* Baudkins, or cloth of Baudkins, in Latin Baldekinus, was one of the most precious species of stuff that appeared in England at this period : it is said to have been composed of silk, interwoven with threads of gold, in a rich stile. It derived its name from Baldeck, formerly Babylon, where it is supposed to have been first manufactured. This stuff was probably known upon the Continent for some time before it was introduced into England. The above monarch appears to have been the first who used it for his vesture.-Matthew Paris; Strudi's Dresses.

+ Queintice, queintise, neatness, curiously ornamented with devices; whence Cointises, dresses fancifully adorned.--Urry's Chaucer. Whence probably quaint also ?

The · The Wimple, or Gimple, formed part of the dress of the ladies during this period, and was introduced towards the conclusion of the twelfth century. The white wimples were probably made of linen; but many appertaining to ladies of high ranks were ornamented with gold embroidery. This was considered as the first part of the head dress, and covered by the veil or coverchief, which concealed the wimple and the head, but not the face. The wimple was curiously plaited, and confined to the head by an ornamental circle of gold. The Huca, or Hyke, was a sort of coverchief for the ladies, and descended to the shoulders ; it was afterwards adopted by the men as a mantle, which not only covered the head and shoulders, but the whole body. A garment of the same name is in use among the Kabyles and Arabs at the present day. The Gorget, or Throatpiece, originated upon the Continent, and seems to have been of linen; it was three times wrapped round the neck, fastened with a great quantity of pins, and raised on each side of the face, so as to conceal the ears, and had the appearance of two horns; it is so closely attached to the chin, that it had the a rance of being nailed to it, or that the pins pierced the flesh. Cretores, or crests of gold, ornamented with jewels, were often worn over the wimples. Gloves seem to have been introduced about this time.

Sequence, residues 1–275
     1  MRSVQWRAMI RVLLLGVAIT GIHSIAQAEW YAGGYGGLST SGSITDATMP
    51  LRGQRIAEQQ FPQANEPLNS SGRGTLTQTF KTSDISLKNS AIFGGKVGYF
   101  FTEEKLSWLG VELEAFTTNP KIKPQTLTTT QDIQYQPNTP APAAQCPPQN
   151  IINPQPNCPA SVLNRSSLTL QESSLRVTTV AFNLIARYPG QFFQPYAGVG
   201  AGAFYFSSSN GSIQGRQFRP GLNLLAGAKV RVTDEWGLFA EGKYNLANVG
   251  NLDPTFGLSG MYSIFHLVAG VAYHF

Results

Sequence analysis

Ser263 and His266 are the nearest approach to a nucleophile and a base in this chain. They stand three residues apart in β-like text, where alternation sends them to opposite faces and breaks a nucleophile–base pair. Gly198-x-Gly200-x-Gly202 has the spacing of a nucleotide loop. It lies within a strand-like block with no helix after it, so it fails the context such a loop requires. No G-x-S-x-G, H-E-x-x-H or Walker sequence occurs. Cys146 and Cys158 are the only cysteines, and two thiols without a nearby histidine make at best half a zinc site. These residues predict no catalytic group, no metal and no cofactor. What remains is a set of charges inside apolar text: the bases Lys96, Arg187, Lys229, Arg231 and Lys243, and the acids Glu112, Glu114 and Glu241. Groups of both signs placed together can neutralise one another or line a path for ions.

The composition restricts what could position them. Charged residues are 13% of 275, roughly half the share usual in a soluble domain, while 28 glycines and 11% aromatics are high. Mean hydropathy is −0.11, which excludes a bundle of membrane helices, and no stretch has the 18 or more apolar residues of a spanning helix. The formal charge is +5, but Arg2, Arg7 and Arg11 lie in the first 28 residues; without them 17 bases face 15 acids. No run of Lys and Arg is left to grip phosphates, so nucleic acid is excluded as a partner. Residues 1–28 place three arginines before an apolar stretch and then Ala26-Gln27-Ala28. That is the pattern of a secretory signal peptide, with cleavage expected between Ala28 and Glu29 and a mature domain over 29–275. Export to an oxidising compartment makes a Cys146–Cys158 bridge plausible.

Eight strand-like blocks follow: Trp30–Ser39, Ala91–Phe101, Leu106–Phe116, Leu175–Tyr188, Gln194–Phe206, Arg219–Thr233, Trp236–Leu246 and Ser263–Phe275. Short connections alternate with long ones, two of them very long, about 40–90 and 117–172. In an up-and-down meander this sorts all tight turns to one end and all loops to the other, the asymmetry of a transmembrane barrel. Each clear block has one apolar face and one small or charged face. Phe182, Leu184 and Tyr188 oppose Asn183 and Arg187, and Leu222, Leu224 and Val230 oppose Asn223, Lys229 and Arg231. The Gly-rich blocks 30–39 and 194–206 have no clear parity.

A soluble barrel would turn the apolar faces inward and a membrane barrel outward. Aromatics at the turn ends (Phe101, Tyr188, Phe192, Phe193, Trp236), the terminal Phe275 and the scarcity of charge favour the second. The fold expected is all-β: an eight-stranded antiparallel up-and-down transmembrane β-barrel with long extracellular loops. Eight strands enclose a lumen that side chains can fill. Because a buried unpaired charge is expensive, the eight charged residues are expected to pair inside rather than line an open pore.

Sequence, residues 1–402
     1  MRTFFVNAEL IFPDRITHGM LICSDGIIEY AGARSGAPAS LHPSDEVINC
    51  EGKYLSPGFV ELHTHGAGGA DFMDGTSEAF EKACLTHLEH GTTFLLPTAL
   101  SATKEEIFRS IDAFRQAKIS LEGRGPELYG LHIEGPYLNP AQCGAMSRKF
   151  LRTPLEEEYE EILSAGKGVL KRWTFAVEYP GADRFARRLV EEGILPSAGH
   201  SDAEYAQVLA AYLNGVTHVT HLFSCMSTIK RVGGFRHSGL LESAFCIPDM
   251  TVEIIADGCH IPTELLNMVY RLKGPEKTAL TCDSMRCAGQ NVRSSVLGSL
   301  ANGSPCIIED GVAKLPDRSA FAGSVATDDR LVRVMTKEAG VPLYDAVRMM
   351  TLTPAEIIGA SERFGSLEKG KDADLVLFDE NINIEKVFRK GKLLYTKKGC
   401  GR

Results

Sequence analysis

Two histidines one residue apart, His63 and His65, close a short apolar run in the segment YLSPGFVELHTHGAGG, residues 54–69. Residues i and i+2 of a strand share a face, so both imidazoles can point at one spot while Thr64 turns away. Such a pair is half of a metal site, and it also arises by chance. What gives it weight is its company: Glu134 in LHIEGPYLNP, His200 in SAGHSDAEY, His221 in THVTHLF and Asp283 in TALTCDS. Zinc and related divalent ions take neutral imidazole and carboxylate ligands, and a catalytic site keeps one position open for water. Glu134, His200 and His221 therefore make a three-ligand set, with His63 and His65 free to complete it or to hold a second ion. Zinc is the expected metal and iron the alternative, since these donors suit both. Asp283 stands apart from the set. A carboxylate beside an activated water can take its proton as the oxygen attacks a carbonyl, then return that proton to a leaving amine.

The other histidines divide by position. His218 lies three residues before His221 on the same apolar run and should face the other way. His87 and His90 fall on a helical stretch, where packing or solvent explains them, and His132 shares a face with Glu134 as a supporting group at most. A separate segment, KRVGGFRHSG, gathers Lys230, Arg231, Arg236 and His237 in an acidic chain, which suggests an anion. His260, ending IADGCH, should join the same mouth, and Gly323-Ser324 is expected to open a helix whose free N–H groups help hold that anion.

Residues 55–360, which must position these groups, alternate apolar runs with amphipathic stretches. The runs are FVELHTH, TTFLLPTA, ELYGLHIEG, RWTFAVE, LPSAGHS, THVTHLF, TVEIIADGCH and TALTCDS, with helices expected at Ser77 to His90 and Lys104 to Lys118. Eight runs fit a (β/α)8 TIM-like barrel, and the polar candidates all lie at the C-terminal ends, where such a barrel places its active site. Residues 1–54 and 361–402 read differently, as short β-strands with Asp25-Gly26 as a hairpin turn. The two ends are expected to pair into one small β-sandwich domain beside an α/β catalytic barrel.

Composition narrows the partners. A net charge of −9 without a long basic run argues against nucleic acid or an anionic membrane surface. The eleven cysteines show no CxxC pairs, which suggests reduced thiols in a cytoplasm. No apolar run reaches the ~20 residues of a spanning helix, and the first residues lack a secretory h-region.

Edward I. efter this monarch, in the year 1300, had married Margaret, daughter of Philip the Fair, king of France, at Canterbury; the citizens of London met her four miles from the city, and conducted her to Westminster. Ou this occasion, their number amounted to six hundred, dressed in red and white liveries, with the cognizances of their mysteries embroidered on their sleeves.

· EDWARD II. The vanity of dress had become so prevalent in this reign, that a contemporary historian com. plains “ the squire endeavoured to outshine the knight in the richness of his apparel; the knight, the baron ; the baron, the earl; and the earl, the king himself. This extravagance occasioned the four lines by the Scots:

Long beirds hertiless,
Peynted wh«ods witless,
Gav cotes graceless,

Maketh Englond thrifeless. EDWARD III. In this reign the kingdom was blessed wilh such tranquillity and plenty, in consequence of the many victories obtained by i dward's bravery, that pomp and splen: dour assumed the greatest sway; " such great quantities of


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garments lined with fur, of fine linen, of jewels, of gold and silver plate, and rich furniture; the spoils of France, were brought into England, that every woman of rank obtained a share." " Then," says Thomas of Walsingham, “ the ladies of this country became vain and haughty in their attire; and were as much elated by the acquisition of so much finery, as the ladies of France were dejected by its loss."

This being the age for chivalry and tournaments, the pompous exhibitions on those occasions contributed not a little to promote the succession of new fashions; the knights were habiled in decorations of gallantry, and constantly displayed the most brilliant appearance. One of the orders of the king on such an occasion, was, to“ prepare a tu. nic, and a cloak with a hood, on which were to be embroidered one hundred garters, with buckles, bars, and pendants of silver; also a doublet of linen, having round the skirts, and about the sleeves, a border of long green cloth, worked with the representations of clouds, with vine branches of gold, and the following motto, dictated by the king : “ IT IS AS IT IS.”